NBC’s Olympic Coverage

NBC’s coverage of the London Olympics is monopolistic.

Delaying major events and airing them during prime time is ridiculous. I understand that NBC has to recoup some of the 1 billion + they paid for the rights to air the games but what happened to fair competition and giving customers what they want?

In the internet-age, where most people get their news updates online and on their phones, it is quite likely they will know the results of these events before they arrive at home to watch it “live”.

I would expect these actions that stem from having a monopoly to take place in a communist type country where the media companies are state-owned and live online results can be blocked and viewers have no choice but to wait till prime time to tune in. I’m not saying this would be right but you get my point.

Shame on NBC. Instead of creating an opportunity to provide live quality programming, engaging viewers and taking advantage of advancements in mobile technology that allows users to watch streaming video on the go, it is abusing its power as the sole Olympic content provider, all in the name of the mighty dollar.


Greed – something’s gotta take.

Greed is endemic, or is it?

At least that’s how I felt after reading an article about a U.K. billionaire that paid little or no taxes.

I have a theory and I’m open to hearing what you think about it. Here goes:

I believe that in developed countries, one of the reasons wealthy people don’t like paying taxes is because for the most part, public/social spending that is funded by taxes don’t benefit them.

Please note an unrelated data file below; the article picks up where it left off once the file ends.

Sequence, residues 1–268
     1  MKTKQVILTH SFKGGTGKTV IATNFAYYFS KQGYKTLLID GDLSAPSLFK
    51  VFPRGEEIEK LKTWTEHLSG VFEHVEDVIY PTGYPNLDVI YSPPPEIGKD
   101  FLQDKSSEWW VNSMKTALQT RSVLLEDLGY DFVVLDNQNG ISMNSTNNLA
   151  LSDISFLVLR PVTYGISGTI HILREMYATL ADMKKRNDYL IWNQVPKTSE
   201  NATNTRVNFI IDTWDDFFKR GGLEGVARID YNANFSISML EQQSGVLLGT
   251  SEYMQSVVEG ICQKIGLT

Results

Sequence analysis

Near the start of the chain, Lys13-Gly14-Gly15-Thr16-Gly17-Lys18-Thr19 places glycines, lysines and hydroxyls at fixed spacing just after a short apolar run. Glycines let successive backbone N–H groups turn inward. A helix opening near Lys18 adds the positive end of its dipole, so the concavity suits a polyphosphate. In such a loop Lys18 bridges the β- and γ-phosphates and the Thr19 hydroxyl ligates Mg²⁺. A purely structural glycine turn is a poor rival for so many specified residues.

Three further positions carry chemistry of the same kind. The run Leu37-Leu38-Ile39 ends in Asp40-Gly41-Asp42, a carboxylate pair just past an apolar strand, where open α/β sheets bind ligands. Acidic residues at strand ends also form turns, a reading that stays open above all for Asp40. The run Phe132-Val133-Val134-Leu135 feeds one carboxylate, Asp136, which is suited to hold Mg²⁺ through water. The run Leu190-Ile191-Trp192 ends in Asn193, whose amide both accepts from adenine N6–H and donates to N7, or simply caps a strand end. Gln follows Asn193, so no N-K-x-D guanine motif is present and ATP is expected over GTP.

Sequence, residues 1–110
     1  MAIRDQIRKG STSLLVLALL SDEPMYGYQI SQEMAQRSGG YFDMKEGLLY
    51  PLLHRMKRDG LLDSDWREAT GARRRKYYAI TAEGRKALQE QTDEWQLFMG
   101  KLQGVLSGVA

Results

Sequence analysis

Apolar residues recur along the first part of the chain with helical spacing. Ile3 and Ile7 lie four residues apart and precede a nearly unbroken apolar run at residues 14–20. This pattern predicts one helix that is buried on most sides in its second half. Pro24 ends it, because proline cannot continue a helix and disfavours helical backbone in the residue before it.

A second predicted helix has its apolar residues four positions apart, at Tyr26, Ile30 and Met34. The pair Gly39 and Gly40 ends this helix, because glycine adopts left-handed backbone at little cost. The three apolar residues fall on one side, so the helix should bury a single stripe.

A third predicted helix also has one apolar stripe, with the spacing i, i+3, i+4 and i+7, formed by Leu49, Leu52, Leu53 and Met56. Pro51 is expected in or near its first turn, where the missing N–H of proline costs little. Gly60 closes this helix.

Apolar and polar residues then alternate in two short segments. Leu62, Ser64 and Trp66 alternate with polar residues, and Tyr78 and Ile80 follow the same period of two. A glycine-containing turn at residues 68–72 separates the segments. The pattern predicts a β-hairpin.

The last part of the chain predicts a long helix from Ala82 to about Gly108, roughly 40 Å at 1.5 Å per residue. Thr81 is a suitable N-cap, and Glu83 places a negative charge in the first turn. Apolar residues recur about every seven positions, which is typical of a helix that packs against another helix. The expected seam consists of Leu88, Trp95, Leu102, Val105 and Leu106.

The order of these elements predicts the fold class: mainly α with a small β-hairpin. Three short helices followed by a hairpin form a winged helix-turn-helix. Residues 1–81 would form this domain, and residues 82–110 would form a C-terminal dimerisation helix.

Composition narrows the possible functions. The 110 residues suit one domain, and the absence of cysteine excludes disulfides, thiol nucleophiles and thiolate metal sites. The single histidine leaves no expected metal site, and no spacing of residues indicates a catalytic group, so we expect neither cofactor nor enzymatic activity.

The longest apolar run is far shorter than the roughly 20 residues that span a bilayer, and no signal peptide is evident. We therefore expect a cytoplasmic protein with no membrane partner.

Think about it for a sec. The wealthy don’t need universal health care, public schools, public transportation, etc. Their roads are already well paved, parks are clean, they can have their kids driven to private schools and medical insurance is paid for.

Whereas in a developing nation the situation is quite different. It is in the best interest of all members of society, especially the wealthy, to ensure that the country progresses. And a key source of funding would come from taxes. After all, highways and roads need to be constructed and paved, schools need to be built, cities planned, commerce and trade to kick start….

Just remember –  a capitalist with something to sell and no roads that leads to his store will not stay in business for long.

One argument that I heard is that the government wastes tax payers money, in response to that, another person told me that if only 20% goes towards helping someone in need and the other 80% is wasted, it’s still better than no one paying taxes and 0% going towards helping those in need.

I agree.

Healthcare for all!? Damn, say it ain’t so.

For the majority of Americans, health insurance, compared to other kinds of insurance such as fire or flood insurance is pretty much a necessity. Eventually some health issue or accident will occur and you will have to see the doctor. The two scary unknowns are how bad will it be and how much it will cost. If you have health insurance then for the most part you are left with one scary unknown.

Given the high probability of a health issue arising and the unknown costs that may be involved, you would think that any rational person would get health insurance right?